Like all cancers, colorectal cancer occurs when cells grow out of control. The cancer cells form a tumor, which invades and destroys nearby tissue. The cells also can break off and move to other parts of the body, where they can start a new tumor.
Colorectal cancer occurs in the lower intestine, which includes the colon and rectum. The colon, a 5- to 6-foot-long muscular tube, is the final part of the intestinal tract that ends in the rectum. The rectum comprises the intestinal tract's final few inches.
Anyone can get the disease. Men and women are equally susceptible. Chances of developing colorectal cancer increase with age; the disease is more common after age 50. Among ethnic groups in the United States, African-Americans have the highest incidence and highest rate of death from colorectal cancer.
Who is at greatest risk? Individuals with personal or family history of colorectal cancer or with chronic inflammatory bowel disease (Crohn's disease or ulcerative colitis).
Currently, no sure-fire method exists for preventing colorectal cancer. This makes early detection by having a screening test extremely important, especially if you're over age 50.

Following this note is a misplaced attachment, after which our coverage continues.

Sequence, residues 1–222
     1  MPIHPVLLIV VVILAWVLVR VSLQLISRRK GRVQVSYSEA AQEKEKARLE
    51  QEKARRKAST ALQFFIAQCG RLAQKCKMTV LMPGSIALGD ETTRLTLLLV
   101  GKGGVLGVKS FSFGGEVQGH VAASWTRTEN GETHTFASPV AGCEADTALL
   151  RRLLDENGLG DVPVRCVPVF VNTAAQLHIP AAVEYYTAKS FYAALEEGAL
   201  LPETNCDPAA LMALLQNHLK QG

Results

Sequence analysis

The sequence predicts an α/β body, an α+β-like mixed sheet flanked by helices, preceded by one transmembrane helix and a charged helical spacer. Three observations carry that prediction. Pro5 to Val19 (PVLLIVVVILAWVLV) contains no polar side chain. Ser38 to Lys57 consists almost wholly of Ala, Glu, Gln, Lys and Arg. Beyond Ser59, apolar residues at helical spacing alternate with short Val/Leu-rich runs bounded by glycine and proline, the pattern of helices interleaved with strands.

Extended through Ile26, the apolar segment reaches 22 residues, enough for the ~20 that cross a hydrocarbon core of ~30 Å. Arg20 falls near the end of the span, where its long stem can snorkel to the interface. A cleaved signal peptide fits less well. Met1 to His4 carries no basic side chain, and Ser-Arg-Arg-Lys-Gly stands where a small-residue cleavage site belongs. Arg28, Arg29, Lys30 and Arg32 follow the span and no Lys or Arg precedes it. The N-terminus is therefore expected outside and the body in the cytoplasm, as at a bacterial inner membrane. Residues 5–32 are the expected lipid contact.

Colorectal cancer is thought to develop slowly over several years. Almost all colorectal cancers begin as a small growth or polyp, also known as an adenoma.
A polyp is a growth of tissue that erupts from the lining of the large intestine. A small number of polyps will grow into cancer; most won't. One statistic says that less than 1 percent of all polyps ever become cancerous. The larger the polyp, the greater the chance it contains cancerous cells. To prevent cancer, your doctor will remove polyps during screening.
Researchers don't know the exact cause of colorectal cancer. However, scientists have been able to identify factors that increase your chance of getting the disease. These risk factors include:
Unfortunately, the early stages of the disease, when it's most curable, usually don't produce any symptoms. By the time symptoms show up, the cancer may be far advanced. Still, you should watch for the following: a marked change in bowel habits, rectal bleeding, marked thinning of the stools, and unexplained weight loss.